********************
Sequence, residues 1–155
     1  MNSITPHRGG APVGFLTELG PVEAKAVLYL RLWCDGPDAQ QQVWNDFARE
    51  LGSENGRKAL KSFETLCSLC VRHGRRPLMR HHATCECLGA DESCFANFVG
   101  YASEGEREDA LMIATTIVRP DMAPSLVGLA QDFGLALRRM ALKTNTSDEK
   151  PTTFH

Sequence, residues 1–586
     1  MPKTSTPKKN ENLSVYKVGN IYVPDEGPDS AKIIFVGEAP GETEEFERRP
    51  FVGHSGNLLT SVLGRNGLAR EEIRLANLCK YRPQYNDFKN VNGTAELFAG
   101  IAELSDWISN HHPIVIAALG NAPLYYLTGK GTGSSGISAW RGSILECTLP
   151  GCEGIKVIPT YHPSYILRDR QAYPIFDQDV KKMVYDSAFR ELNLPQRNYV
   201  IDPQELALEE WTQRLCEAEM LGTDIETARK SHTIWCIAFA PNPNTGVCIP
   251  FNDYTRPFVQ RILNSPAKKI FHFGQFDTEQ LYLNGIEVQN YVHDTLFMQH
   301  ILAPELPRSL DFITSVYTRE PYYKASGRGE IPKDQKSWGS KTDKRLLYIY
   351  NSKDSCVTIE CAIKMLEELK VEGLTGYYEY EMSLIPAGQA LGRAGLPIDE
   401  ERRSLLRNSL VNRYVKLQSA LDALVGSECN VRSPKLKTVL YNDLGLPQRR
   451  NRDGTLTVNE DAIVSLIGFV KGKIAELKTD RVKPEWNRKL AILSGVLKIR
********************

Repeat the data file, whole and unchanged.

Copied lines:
Sequence, residues 1–155
     1  MNSITPHRGG APVGFLTELG PVEAKAVLYL RLWCDGPDAQ QQVWNDFARE
    51  LGSENGRKAL KSFETLCSLC VRHGRRPLMR HHATCECLGA DESCFANFVG
   101  YASEGEREDA LMIATTIVRP DMAPSLVGLA QDFGLALRRM ALKTNTSDEK
   151  PTTFH

Sequence, residues 1–586
     1  MPKTSTPKKN ENLSVYKVGN IYVPDEGPDS AKIIFVGEAP GETEEFERRP
    51  FVGHSGNLLT SVLGRNGLAR EEIRLANLCK YRPQYNDFKN VNGTAELFAG
   101  IAELSDWISN HHPIVIAALG NAPLYYLTGK GTGSSGISAW RGSILECTLP
   151  GCEGIKVIPT YHPSYILRDR QAYPIFDQDV KKMVYDSAFR ELNLPQRNYV
   201  IDPQELALEE WTQRLCEAEM LGTDIETARK SHTIWCIAFA PNPNTGVCIP
   251  FNDYTRPFVQ RILNSPAKKI FHFGQFDTEQ LYLNGIEVQN YVHDTLFMQH
   301  ILAPELPRSL DFITSVYTRE PYYKASGRGE IPKDQKSWGS KTDKRLLYIY
   351  NSKDSCVTIE CAIKMLEELK VEGLTGYYEY EMSLIPAGQA LGRAGLPIDE
   401  ERRSLLRNSL VNRYVKLQSA LDALVGSECN VRSPKLKTVL YNDLGLPQRR
   451  NRDGTLTVNE DAIVSLIGFV KGKIAELKTD RVKPEWNRKL AILSGVLKIR